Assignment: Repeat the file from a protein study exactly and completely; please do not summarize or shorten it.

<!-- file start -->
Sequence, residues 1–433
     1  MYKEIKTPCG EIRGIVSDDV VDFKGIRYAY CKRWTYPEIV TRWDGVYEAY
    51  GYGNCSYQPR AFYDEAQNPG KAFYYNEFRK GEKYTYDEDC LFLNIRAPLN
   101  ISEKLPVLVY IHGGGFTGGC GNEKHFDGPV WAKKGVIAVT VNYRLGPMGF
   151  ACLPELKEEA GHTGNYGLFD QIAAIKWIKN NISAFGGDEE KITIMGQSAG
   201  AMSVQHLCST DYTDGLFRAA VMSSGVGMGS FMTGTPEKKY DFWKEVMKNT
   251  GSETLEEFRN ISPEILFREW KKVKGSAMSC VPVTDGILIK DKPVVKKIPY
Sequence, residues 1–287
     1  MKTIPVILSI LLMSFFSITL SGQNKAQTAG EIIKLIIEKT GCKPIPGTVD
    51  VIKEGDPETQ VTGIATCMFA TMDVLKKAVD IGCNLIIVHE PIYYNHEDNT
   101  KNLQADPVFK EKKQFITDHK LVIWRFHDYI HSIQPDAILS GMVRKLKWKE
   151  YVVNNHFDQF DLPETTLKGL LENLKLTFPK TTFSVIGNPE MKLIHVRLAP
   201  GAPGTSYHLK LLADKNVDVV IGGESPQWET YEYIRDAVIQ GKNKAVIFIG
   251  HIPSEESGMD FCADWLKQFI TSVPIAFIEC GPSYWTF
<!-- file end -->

Sequence, residues 1–433
     1  MYKEIKTPCG EIRGIVSDDV VDFKGIRYAY CKRWTYPEIV TRWDGVYEAY
    51  GYGNCSYQPR AFYDEAQNPG KAFYYNEFRK GEKYTYDEDC LFLNIRAPLN
   101  ISEKLPVLVY IHGGGFTGGC GNEKHFDGPV WAKKGVIAVT VNYRLGPMGF
   151  ACLPELKEEA GHTGNYGLFD QIAAIKWIKN NISAFGGDEE KITIMGQSAG
   201  AMSVQHLCST DYTDGLFRAA VMSSGVGMGS FMTGTPEKKY DFWKEVMKNT
   251  GSETLEEFRN ISPEILFREW KKVKGSAMSC VPVTDGILIK DKPVVKKIPY
Sequence, residues 1–287
     1  MKTIPVILSI LLMSFFSITL SGQNKAQTAG EIIKLIIEKT GCKPIPGTVD
    51  VIKEGDPETQ VTGIATCMFA TMDVLKKAVD IGCNLIIVHE PIYYNHEDNT
   101  KNLQADPVFK EKKQFITDHK LVIWRFHDYI HSIQPDAILS GMVRKLKWKE
   151  YVVNNHFDQF DLPETTLKGL LENLKLTFPK TTFSVIGNPE MKLIHVRLAP
   201  GAPGTSYHLK LLADKNVDVV IGGESPQWET YEYIRDAVIQ GKNKAVIFIG
   251  HIPSEESGMD FCADWLKQFI TSVPIAFIEC GPSYWTF